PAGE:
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Since the post-Civil War cases arising out of conflicts over the proper location of the amnesty power, it has generally been thought that pardon and amnesty are synonymous and that the capacity to effect both is vested in the President under Article II. The history of the English version of amnesty—oblivion—within the seventeenth and eighteenth centuries and the colonial and state oblivions that were legislatively enacted from 1650 through the period of the Second Continental Congress suggest otherwise. Oblivion was distinct from pardoning because it erased the underlying events rather than remitting punishment and often arose as a response to civil unrest. More than pardoning, oblivion served the function of settling property rights and restoring those included to full citizenship. In addition, acts of oblivion were passed by colonial legislatures even in some colonies whose charters explicitly granted the pardon power to the Lord Proprietor.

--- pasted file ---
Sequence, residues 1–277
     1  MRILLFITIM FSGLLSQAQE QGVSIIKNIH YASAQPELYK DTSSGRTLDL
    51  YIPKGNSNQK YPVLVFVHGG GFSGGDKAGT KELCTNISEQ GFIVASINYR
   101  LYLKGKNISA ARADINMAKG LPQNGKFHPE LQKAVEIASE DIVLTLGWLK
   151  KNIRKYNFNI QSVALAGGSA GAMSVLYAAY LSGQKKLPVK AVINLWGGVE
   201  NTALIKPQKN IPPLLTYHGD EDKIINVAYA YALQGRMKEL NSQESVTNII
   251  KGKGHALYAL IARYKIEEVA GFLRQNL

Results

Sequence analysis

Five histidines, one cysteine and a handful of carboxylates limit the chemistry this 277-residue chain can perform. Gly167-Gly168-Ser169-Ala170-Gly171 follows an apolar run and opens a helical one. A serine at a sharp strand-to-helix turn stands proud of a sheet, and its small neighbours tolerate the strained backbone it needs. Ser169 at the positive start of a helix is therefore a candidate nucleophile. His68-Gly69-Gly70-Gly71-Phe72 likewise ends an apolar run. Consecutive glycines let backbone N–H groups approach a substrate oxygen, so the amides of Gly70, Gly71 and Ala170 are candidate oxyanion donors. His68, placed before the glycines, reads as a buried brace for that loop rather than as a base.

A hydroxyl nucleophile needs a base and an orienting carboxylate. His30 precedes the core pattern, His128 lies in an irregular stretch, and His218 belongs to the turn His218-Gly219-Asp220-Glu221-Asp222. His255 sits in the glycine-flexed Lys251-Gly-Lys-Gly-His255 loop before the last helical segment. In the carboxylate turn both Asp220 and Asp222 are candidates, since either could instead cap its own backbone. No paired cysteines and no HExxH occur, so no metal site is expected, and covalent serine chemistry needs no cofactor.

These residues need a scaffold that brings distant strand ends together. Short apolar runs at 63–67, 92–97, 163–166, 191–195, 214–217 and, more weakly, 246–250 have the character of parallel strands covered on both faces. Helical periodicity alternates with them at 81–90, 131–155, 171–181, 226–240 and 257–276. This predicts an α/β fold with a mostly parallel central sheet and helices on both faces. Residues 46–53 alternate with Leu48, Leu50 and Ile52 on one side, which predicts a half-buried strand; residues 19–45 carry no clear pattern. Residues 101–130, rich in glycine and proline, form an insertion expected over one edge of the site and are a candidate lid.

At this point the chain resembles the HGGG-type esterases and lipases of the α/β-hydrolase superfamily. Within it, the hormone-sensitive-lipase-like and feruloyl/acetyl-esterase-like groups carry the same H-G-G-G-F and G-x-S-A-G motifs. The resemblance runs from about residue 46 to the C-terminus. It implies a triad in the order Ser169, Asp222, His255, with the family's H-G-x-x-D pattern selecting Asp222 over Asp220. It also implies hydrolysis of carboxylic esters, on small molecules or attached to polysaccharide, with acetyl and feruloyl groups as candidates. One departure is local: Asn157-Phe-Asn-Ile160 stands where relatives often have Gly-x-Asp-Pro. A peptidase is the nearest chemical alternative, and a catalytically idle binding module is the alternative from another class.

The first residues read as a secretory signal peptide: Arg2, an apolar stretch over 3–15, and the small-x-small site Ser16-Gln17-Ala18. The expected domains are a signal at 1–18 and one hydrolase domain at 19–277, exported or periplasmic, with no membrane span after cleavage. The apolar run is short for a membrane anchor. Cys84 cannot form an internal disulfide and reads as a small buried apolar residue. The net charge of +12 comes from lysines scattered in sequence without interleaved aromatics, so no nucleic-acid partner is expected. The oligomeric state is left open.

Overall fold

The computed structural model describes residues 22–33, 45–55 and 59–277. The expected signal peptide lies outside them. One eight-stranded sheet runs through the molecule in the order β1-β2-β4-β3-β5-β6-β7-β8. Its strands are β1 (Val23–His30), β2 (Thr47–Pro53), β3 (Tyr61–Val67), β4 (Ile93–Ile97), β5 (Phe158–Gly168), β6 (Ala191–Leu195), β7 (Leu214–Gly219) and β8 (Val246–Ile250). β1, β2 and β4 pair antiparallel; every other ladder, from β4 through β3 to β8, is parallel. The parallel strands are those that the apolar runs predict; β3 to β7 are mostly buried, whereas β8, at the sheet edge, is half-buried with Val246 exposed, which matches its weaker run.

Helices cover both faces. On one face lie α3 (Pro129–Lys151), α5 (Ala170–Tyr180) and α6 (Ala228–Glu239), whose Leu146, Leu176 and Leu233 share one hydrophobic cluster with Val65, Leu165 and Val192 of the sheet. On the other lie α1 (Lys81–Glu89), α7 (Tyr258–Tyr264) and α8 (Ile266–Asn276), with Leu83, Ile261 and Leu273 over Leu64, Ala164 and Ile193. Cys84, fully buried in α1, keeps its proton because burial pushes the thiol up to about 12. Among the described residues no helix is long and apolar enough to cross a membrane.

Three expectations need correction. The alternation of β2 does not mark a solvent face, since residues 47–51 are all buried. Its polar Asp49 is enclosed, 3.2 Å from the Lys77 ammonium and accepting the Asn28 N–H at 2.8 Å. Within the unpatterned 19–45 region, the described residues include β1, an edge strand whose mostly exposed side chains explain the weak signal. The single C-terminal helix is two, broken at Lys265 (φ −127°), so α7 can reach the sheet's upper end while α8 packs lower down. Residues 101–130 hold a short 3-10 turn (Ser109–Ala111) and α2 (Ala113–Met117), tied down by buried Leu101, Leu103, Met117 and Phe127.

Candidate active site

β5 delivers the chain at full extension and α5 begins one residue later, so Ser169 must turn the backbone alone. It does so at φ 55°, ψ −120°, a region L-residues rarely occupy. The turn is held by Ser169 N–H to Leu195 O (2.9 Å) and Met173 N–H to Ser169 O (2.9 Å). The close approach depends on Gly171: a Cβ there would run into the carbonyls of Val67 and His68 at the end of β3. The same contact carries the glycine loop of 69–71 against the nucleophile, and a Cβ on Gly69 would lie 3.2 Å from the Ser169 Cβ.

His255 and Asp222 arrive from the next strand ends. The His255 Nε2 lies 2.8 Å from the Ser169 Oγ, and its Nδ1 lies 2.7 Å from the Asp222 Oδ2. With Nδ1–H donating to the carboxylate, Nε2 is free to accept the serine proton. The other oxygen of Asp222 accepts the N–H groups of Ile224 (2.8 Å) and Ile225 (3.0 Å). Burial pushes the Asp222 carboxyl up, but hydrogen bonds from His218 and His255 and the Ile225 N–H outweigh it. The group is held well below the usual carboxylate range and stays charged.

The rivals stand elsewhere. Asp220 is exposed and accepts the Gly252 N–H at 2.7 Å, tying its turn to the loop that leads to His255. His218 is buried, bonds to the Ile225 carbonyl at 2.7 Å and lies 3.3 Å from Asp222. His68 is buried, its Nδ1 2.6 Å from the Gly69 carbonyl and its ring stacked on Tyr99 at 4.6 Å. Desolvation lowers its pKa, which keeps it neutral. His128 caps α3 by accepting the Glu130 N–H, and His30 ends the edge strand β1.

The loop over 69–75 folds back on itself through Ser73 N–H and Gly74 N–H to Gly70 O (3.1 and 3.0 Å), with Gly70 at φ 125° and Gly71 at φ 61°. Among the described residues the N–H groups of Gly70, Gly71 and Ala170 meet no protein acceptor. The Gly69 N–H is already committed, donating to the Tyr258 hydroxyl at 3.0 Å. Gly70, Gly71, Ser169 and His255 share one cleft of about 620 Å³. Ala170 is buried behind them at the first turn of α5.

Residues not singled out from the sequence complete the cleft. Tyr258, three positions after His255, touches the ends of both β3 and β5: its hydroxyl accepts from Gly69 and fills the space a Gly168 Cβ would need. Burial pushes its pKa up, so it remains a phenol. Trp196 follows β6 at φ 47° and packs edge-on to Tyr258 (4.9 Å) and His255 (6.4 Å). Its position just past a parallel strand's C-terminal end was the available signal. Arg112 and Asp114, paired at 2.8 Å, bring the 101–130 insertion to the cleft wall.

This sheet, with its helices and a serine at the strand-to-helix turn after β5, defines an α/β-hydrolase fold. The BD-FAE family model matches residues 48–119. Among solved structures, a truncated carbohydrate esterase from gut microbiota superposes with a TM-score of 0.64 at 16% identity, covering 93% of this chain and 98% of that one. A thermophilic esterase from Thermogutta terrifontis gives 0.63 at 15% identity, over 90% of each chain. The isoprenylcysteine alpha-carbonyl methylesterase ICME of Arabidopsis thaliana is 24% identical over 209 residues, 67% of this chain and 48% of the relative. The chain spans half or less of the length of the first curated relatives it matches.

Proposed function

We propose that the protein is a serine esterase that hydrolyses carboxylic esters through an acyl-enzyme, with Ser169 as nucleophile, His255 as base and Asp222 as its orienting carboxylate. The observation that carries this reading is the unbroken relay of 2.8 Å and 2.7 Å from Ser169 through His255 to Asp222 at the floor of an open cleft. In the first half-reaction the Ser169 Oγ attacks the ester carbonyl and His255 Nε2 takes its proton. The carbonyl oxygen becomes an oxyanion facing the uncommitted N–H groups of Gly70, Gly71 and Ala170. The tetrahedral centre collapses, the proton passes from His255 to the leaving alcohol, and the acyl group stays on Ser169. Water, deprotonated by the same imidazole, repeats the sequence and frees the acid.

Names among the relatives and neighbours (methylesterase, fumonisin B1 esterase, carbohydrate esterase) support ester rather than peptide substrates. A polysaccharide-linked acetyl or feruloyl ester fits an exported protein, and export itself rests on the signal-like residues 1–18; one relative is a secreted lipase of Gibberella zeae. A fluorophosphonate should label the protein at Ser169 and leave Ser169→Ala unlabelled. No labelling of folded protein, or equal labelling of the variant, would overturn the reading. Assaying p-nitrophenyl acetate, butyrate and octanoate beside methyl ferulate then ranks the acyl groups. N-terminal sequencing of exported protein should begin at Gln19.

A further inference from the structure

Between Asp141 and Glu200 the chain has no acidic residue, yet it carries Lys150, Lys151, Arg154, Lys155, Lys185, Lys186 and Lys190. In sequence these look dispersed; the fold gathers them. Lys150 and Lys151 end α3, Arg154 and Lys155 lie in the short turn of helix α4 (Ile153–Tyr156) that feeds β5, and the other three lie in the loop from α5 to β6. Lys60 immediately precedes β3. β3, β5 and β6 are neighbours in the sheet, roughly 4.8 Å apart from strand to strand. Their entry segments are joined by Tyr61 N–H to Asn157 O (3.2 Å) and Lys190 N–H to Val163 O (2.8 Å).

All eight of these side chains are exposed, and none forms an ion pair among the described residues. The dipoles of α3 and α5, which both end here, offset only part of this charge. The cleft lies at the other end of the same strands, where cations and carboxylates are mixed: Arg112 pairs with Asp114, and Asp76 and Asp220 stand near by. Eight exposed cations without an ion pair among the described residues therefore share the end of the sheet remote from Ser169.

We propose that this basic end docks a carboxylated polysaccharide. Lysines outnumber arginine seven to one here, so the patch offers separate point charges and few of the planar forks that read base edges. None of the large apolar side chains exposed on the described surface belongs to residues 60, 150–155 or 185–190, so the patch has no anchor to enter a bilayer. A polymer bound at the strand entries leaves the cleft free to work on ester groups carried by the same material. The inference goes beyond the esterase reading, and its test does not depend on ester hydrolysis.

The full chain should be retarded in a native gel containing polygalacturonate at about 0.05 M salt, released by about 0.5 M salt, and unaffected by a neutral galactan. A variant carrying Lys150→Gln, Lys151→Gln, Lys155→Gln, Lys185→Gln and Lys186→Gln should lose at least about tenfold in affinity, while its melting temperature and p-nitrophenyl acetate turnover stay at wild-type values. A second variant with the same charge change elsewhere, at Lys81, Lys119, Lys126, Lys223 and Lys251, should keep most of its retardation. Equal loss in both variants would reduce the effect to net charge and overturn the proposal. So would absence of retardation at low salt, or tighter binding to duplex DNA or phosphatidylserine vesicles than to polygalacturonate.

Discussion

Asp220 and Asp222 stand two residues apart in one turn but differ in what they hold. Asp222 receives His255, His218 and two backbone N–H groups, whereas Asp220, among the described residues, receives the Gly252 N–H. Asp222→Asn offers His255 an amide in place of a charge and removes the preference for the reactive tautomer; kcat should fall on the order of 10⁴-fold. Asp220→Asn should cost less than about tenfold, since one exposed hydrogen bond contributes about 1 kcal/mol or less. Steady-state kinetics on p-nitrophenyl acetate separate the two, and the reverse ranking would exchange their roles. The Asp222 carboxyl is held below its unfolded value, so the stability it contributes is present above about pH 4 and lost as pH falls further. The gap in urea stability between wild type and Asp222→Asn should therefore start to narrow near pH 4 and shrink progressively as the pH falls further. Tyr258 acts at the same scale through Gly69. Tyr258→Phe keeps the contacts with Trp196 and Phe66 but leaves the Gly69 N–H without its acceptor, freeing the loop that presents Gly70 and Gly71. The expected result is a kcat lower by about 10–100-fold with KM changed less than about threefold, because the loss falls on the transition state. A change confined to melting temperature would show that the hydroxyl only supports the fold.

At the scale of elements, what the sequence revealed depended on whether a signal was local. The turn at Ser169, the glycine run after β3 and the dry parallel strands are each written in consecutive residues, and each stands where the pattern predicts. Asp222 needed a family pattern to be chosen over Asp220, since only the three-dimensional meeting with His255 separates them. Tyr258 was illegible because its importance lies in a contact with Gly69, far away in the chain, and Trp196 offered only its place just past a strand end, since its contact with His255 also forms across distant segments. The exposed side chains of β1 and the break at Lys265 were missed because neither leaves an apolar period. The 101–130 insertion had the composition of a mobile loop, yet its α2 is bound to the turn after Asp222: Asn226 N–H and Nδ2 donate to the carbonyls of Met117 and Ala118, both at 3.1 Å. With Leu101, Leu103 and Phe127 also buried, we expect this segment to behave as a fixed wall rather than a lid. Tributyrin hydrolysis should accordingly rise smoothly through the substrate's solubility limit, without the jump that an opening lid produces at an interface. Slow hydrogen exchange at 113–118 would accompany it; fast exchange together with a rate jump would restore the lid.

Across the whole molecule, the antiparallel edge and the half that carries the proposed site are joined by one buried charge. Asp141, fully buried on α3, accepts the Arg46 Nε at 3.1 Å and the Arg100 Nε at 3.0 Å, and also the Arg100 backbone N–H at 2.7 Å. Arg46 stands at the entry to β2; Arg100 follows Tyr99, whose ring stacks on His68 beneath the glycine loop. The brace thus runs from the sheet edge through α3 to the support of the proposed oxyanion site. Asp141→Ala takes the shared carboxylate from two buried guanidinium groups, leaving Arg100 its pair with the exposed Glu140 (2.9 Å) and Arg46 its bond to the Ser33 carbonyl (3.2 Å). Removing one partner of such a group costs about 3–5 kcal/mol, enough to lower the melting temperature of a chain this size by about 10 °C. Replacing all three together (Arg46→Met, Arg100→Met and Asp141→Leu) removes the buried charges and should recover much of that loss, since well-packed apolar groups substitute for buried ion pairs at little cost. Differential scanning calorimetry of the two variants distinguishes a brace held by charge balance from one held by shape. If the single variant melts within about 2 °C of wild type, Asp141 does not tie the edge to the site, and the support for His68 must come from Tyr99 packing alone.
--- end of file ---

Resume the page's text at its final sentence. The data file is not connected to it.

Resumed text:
Recovering the lost history of oblivion suggests that the decisions of the Supreme Court in the late nineteenth century were not entirely correct in assimilating pardon with amnesty. Instead, a strong argument can be made that the tradition of oblivion within England and the colonies supports a broad congressional power to grant amnesty. Remembering oblivion can also allow us to revive a different form of pardoning than that dominant today, a form associated with transitional justice and the restoration of a community riven by civil strife. Oblivion presents an alternative model for moving forward, suggesting that certain kinds of conflicts would be better forgotten than remembered for the continued health of the polity.

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Legislative pardon